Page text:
Student variables were stratified by meeting method for analysis. For categorical variables, frequencies and column percentages were reported. We calculated p-values using chi-square and Fisher’s exact tests, as appropriate to determine statistical significance. For normally distributed continuous variables, we reported means and standard deviations, and we calculated p-values using t-tests; otherwise, medians and 25th/75th percentiles were reported, and p-values were calculated using Mann-Whitney U tests. We used multivariable linear regression models to adjust for potential confounding variables in the relationship between student ratings and group assignment. All analyses were done in R programming language, version 3.5.0 (R Foundation for Statistical Computing, Vienna, Austria). Statistical significance was set to a p<0.05.
Of the 163 third-year medical students who rotated through EM during the research period, 141 consented to participate in the study (86.5%). Eight of the 141 students (5.6%) were excluded from the study prior to the completion of their survey. Five of the eight were excluded due to scheduling conflicts that resulted in a change in their assigned meeting method; one student withdrew from the study due to a personal preference for the alternative meeting method; one was unable to meet online due to technical difficulties; and one was excluded from the study due to a leave of absence from medical school. Of the 133 remaining participants, the survey completion rate was 100%. Sixty-seven participants were randomized to the videoconference group and 66 participants were randomized to the in-person group.
Demographic variables are detailed in Table 1. Dr. X met with the largest portion of students for their MCF meetings (57.1%). The majority of the participants (56.4%) were between 25–29 years old, male (54.1%), expressed that they did not have any interest in EM as a future career choice (57.9%), and listed their location prior to meeting as “home” (55.6%). The participants had completed an average of seven shifts prior to their mid-clerkship meetings. When comparing those who met online vs. in-person, the only demographic variable that significantly differed between the two groups was their preferred meeting method (p=0.0225). Of those students who did meet online, a significantly higher proportion of them reported a preference to meeting online (46.3% videoconference group vs 24.2% in-person group). Among those who met in-person, a greater proportion of students reported preferring to meet in-person (56.1% in-person group vs. 35.8% videoconference group). In the response to the survey question, “Additional suggestions for how to improve MCF sessions,” we identified several common themes. Seven of the 67 individuals who met via videoconference reported some degree of technical difficulty, three of the 67 suggested allowing students to choose their meeting method, and two students commented on the difficulty of finding an appropriate location for a videoconference while on campus. Of those students who met in-person, one of the 66 also suggested allowing students to self-select the meeting method.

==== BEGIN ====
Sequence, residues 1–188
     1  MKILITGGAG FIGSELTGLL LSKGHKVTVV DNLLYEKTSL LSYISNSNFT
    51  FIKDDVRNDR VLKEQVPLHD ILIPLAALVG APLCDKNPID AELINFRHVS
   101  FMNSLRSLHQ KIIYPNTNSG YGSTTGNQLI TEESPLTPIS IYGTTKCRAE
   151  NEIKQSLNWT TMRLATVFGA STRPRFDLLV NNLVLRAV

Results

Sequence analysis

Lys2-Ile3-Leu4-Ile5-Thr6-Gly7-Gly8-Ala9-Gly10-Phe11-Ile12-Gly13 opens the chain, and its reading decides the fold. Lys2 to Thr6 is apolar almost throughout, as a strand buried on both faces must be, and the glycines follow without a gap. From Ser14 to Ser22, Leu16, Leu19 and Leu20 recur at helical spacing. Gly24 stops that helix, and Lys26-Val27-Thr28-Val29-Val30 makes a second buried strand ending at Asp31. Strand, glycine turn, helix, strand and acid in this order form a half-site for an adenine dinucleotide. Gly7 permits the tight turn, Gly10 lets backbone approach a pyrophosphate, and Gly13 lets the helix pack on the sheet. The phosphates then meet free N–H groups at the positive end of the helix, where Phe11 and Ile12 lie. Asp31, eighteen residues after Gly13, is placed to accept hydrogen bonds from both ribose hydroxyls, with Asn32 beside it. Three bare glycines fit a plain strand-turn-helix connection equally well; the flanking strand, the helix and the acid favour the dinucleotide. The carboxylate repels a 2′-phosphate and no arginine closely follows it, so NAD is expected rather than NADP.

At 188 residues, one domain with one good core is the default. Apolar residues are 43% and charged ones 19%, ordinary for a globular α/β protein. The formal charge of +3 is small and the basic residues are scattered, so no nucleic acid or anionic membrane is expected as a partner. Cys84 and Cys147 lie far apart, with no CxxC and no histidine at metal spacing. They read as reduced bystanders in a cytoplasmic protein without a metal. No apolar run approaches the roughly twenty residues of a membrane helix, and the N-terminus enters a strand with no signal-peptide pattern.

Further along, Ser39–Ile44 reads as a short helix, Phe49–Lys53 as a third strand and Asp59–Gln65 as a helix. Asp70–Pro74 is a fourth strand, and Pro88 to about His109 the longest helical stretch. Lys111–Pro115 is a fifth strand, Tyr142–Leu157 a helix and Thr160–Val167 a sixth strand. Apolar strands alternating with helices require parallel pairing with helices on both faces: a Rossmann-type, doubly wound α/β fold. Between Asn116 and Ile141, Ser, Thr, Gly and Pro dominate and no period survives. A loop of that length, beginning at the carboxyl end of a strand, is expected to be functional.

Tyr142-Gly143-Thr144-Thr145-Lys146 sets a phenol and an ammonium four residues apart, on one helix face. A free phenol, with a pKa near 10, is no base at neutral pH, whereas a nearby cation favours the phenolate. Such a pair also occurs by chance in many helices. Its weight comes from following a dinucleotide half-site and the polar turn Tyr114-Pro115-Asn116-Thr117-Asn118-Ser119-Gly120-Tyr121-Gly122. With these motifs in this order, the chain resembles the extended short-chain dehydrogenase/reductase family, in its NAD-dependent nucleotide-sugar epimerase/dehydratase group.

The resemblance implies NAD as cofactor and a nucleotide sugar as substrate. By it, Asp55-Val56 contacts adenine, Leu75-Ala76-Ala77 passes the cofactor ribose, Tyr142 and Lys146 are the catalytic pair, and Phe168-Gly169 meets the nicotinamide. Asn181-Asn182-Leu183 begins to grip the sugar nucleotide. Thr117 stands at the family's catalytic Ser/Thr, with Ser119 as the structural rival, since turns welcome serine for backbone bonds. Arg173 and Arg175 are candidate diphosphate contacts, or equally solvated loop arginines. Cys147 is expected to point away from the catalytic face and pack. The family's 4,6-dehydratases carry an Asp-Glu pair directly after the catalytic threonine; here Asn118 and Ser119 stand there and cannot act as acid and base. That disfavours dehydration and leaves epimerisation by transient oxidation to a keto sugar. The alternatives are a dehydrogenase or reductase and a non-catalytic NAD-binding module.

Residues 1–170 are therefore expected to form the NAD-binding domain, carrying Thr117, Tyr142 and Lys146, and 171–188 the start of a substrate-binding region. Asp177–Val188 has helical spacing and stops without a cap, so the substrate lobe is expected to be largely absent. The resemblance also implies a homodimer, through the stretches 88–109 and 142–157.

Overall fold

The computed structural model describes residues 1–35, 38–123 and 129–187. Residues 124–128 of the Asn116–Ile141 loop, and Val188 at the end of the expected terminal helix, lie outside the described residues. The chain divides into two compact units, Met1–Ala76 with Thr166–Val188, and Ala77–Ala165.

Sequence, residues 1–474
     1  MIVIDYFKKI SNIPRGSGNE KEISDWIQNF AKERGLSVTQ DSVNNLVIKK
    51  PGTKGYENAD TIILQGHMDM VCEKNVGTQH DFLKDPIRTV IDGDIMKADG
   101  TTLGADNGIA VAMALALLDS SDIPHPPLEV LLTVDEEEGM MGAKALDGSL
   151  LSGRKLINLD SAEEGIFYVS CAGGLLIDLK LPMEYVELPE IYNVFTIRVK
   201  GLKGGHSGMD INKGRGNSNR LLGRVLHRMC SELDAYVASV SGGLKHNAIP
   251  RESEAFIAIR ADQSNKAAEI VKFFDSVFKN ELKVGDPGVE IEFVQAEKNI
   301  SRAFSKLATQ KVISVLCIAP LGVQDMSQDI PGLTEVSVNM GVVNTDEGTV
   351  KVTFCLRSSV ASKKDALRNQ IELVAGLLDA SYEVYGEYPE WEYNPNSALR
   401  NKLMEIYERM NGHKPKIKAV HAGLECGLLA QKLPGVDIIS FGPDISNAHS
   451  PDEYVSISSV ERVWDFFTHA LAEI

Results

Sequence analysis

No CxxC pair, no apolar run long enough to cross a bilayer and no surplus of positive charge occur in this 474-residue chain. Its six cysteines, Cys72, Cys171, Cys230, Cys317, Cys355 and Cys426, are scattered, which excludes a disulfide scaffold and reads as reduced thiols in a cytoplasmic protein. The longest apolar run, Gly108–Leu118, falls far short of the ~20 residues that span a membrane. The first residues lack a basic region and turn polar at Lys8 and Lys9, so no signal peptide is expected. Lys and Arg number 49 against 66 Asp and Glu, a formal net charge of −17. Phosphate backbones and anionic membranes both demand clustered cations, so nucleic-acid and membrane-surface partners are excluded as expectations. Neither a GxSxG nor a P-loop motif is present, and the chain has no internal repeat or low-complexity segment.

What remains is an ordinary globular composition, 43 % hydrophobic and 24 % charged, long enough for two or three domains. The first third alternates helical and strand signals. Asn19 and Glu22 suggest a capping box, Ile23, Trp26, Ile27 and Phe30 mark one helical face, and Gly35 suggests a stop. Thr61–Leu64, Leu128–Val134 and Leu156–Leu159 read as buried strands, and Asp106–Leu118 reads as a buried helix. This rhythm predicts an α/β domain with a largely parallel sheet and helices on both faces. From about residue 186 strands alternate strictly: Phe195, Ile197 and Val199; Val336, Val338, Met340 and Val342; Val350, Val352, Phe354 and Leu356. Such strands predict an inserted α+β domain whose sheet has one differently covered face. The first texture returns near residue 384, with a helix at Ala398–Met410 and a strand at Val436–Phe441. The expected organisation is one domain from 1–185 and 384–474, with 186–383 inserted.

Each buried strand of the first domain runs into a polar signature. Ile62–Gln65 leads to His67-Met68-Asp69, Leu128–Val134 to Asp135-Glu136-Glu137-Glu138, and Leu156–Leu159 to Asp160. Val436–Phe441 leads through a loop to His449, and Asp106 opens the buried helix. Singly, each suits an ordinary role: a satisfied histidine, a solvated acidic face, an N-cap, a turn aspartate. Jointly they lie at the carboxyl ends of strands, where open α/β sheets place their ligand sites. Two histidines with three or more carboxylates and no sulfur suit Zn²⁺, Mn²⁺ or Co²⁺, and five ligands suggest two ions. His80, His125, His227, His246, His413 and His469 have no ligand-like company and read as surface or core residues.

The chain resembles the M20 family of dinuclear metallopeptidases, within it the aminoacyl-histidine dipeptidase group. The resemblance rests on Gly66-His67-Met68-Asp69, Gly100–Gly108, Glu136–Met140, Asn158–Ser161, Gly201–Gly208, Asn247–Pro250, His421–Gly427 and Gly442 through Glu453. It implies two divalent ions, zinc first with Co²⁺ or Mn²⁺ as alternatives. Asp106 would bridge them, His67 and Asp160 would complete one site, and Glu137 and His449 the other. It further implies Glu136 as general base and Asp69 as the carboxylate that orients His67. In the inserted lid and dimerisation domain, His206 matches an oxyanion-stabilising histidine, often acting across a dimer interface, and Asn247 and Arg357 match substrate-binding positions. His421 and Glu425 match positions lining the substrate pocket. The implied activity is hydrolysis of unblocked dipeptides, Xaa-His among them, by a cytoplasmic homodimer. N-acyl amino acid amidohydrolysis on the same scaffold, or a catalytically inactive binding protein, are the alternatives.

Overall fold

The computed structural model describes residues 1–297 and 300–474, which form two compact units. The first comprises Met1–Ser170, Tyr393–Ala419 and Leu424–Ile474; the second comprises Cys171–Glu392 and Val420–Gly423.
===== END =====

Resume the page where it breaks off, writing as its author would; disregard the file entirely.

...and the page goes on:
|Number of students||133||67||66|
|Faculty member, N (%)|
|Dr. X||76 (57.1%)||35 (52.2%)||41 (62.1%)||0.5227|
|Dr. Y||47 (35.3%)||27 (40.3%)||20 (30.3%)||0.5227|
|Dr. Z||10 (7.5%)||5 (7.5%)||5 (7.6%)||0.5227|
|Student gender, N (%)|
|Female||61 (45.9%)||32 (47.8%)||29 (43.9%)||0.7885|
|Male||72 (54.1%)||35 (52.2%)||37 (56.1%)||0.7885|
|Student age, years, N (%)|
|20 – 24||42 (31.6%)||20 (29.9%)||22 (33.3%)||0.8390|
|25 – 29||75 (56.4%)||38 (56.7%)||37 (56.1%)||0.8390|
|30 +||16 (12.0%)||9 (13.4%)||7 (10.6%)||0.8390|
|Student interest in EM career, N (%)|
|No||77 (57.9%)||40 (59.7%)||37 (56.1%)||0.4966|
|Undecided||25 (18.8%)||10 (14.9%)||15 (22.7%)||0.4966|
|Yes||31 (23.3%)||17 (25.4%)||14 (21.2%)||0.4966|
|Location immediately prior to meeting, N (%)|
|Home||74 (55.6%)||41 (61.2%)||33 (50.0%)||0.3770|
|Campus||23 (17.3%)||10 (14.9%)||13 (19.7%)||0.3770|
|ED shift||35 (26.3%)||15 (22.4%)||20 (30.3%)||0.3770|
|Other||1 (0.8%)||1 (1.5%)||0 (0.0%)||0.3770|
|Preferred meeting method, N (%)|
|In-person||61 (45.9%)||24 (35.8%)||37 (56.1%)||0.0225|
|Online||47 (35.3%)||31 (46.3%)||16 (24.2%)||0.0225|
|No preference||25 (18.8%)||12 (17.9%)||13 (19.7%)||0.0225|
|EM shifts completed, median (25th – 75th percentile)||7.0 (6.0 – 8.0)||7.0 (6.0 – 8.0)||7.0 (6.0 – 8.0)||0.5317|